Human Dung Used To Generate Electricity at South African School–Probably Truth!
Summary of eRumor:
The story tells of a teacher in a poor area of South Africa who wanted his students to learn computing.
He got Dell to offer to donate computers, but he needed electricity.
After a failed attempt at solar power, he settled on a solution that used human dung to powere generators for the electricity to run the computers.
As with many eRumors, this story doesn’t specify where this took place or any names of the people or companies involved except Dell.
It’s quite possibly true, however, because using human dung as a source of energy is not unique to this South African village.
The process is known as biogas (or bio-gas) generation and is being used in many parts of the world where normal electrical service is not available.
Collected dung can emit methane gas which can then be used to run generators.
There is a project in the Maphephetheni area of Natal Province in South Africa that could be the one the eRumor is based on.
It involves more than the use of biogas technology and included solar technology as well.
Some homes were set up with solar equipment but Myeka High School not only got solar capabilities but also a biogas system that was connected to 16 toilets and two inlets for cow dung.
Last updated 2/22/05
There is a small valley in South Africa surrounded by
mountains – very rural – very poor. They had a high school with
about 1,000 students but no indoor plumbing or electricity. They
did have a very dedicated teacher who wanted to make life better
for his students. He did a lot of research and discovered that
in order to make a better life for his students they needed
computer skills. In order to learn computers, they needed
computers and electricity. He contacted Dell and was told they
would give him a grant and furnish a computer lab for him if he
got electricity. Next he tried to find a way to get electricity.
He discovered solar panels. A company was willing to give him a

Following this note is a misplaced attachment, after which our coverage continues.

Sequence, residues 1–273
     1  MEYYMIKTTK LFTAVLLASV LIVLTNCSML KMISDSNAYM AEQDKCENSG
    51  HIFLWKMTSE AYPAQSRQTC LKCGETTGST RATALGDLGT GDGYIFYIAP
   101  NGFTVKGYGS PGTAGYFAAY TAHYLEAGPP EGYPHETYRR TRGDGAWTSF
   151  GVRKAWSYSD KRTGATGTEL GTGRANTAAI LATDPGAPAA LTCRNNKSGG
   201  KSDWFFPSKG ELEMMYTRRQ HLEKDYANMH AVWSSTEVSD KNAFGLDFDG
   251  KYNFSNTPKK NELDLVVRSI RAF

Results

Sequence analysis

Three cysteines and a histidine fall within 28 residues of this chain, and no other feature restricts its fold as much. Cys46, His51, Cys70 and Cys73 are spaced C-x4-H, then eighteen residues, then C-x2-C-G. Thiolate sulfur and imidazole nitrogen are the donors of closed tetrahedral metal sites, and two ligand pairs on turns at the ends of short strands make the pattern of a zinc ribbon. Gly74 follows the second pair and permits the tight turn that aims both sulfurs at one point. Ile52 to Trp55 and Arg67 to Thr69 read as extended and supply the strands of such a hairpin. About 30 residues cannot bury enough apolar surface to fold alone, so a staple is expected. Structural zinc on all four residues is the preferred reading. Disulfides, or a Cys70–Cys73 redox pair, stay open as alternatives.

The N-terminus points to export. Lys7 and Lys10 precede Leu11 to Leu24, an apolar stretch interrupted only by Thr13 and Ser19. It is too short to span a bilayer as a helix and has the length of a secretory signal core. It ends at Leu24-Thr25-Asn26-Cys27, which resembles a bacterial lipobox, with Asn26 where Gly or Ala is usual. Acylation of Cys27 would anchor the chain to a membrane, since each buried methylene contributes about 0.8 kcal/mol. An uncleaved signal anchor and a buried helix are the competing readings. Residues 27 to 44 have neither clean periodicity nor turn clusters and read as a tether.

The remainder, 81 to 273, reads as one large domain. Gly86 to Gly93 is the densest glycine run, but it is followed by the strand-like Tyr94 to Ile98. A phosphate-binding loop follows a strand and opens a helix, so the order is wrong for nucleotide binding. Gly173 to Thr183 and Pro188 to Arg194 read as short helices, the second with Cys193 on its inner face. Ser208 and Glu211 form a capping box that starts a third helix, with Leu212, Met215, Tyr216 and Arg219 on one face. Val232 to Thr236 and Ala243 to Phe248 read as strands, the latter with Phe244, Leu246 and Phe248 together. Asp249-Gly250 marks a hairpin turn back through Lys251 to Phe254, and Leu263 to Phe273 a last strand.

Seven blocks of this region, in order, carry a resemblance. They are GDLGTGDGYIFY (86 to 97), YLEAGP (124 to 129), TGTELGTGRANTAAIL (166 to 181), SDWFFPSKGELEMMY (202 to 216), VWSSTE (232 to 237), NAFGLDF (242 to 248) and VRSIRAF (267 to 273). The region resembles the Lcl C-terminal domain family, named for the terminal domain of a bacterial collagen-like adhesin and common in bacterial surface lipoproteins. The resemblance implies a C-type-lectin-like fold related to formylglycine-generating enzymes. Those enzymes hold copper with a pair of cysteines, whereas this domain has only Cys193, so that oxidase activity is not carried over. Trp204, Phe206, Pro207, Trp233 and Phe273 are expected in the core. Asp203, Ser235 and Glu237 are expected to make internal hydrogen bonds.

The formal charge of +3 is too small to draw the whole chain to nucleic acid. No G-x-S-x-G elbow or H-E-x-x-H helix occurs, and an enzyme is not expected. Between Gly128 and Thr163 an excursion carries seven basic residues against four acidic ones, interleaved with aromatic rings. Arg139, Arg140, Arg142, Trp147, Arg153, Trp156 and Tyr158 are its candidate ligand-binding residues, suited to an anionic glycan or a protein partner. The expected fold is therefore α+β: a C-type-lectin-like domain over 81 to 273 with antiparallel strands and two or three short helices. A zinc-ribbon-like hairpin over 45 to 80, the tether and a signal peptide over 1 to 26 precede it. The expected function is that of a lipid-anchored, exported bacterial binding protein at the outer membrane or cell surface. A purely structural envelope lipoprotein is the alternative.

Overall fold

grant for solar panels. The energy from the sun was able to work
the generators. He then had electricity. Problem: They could only
work the computers when the sun was shinning and it seemed
like the solar panels always had problems and they had no money
to fix them. The panels were removed. This teacher went back
to the drawing board. He next discovered that cow dung
produced a gas as it decayed. The gas could run the generators.
Problem: Not enough cows in the valley to produce enough dung.
This teacher really thought! He may not have enough cow dung but
they did have 1,000 students. Just maybe they could produce
enough dung to provide the gas. (Can you believe it?) A company
came in and volunteered to see if they could work out a plan.
They relocated all the outhouses to a central area and placed
them in a circle facing outward. Each out-house was connected
by pipes to a large collection area. Above this area was a small
container, which collected the gas. The gas now drives the
generators to produce electricity and the electricity runs the
computers. All high school students are now computer literate
and able to get jobs and into universities in the bigger cities.
The computers are used 7 days a week.
On the weekends, moms, dads, brothers, sisters, and grandparents
flock to the school to take classes and read their e-mail (and
of course use the out-houses). This valley is still without
plumbing or electricity but they all use the computers. The
teacher? Well he has a new job: He travels to other small
communities and shows them how to generate electricity.